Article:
What is the Central Bank thinking?
Below is a review of recent central bank literature in the area of macro prudential supervision, this review is intended to elucidate why it is that a banking crisis crosses the line between free market private individual economics and public sector control, in a sense why the banking system is “different” in that executive officers of a financial institution have a higher order responsibility (ironically) to the general welfare of the population which flows form their interrelatio
Back in the mists of time (about 10 years ago) it must have been; that was the question I was asked to answer; I did a lot of work so the client must have been seriously interested;-
What the bloody hell is this Basel Thing Anyway?
I have been reviewing the papers from a recent conference;-
The ESRB at 1
& I think there is a crystallisation of a theme at that conference reflected in one particular presentation which articulates a narrative that we have been developing here on asymptotix in regard to Stress testing over the last 2 or 3 years.
Financial Regulation: a preliminary consideration of the Government's proposals
The Treasury Committee
Seventh Report of Session 2010-11
Criteria for a workable approach towards bank levies and bank restructuring
Otmar Issing (Chairman), Jan Pieter Krahnen, Klaus Regling, William White
Britain's Finance Minister George Osborne is set to detail plans this week to keep part of the Financial Services Authority (FSA) as a subsidiary of the Bank of England, the BBC reported on Sunday.
" .....in his Mansion House speech to London's financial centre or City on Wednesday, Osborne will set out proposals to keep the part of the FSA which overseas financial markets, as a formal subsidiary of Britain's central bank,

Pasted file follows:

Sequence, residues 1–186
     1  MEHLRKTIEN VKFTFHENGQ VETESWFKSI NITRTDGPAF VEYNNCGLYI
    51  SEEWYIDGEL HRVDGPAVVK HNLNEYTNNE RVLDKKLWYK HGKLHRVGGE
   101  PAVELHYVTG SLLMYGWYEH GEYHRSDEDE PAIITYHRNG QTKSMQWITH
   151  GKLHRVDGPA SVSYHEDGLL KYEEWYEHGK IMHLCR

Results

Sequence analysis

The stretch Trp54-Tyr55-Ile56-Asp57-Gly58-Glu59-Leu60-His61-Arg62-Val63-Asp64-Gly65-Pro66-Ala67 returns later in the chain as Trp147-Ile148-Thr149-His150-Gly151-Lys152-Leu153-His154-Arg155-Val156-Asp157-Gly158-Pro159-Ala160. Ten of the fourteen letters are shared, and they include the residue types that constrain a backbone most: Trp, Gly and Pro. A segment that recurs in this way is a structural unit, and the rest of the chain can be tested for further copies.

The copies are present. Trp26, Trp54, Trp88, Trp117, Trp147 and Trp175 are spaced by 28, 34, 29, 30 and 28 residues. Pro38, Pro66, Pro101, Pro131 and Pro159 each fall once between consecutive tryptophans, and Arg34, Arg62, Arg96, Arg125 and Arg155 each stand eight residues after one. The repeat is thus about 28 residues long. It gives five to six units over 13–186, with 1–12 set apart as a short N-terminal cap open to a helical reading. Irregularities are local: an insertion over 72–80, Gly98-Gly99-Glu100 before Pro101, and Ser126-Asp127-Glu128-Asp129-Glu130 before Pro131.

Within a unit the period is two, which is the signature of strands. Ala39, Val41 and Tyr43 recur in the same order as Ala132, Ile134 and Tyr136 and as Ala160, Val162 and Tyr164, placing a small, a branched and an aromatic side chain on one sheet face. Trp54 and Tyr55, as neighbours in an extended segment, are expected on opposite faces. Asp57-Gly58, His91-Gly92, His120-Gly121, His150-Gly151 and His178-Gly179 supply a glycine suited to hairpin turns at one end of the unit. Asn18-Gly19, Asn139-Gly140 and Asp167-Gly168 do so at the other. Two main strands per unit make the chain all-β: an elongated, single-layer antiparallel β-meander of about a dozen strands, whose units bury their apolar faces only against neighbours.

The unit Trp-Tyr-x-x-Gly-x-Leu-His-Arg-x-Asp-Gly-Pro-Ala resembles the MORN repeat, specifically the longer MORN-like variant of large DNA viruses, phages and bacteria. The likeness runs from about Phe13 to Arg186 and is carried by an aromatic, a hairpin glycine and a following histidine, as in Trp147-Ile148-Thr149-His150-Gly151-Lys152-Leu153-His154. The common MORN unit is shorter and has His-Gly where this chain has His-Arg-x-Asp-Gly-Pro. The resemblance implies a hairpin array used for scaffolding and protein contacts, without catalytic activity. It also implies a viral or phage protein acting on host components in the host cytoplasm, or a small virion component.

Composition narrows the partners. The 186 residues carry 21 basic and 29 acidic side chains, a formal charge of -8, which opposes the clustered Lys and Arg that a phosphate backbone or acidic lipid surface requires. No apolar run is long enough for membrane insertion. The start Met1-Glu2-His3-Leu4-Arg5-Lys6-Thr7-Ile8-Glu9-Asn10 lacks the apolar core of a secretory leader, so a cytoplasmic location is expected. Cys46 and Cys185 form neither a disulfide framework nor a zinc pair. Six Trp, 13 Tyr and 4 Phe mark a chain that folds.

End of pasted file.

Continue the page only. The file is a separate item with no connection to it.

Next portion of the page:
the BBC's Robert Peston said.
The FSA had faced closure under initial proposals from the Conservative Party -- lead partners in the new governing coalition -- to hand responsibility for dealing with the day-to-day supervision of banks to the Bank of England.
source: the BBC
In the wake of the recent financial crisis, the term “macroprudential” has become a true buzzword. A core element of international efforts to strengthen the financial system is to enhance the macroprudential orientation of regulatory and supervisory frameworks. Yet the term was little used before the crisis, and its meaning remains obscure. This special feature traces the term’s origins to the late 1970s, in the context of work on international bank lending carried out under the aegis of the Euro-currency Standing Committee at the BIS. It then describes its changing fortunes until its recent rise to prominence.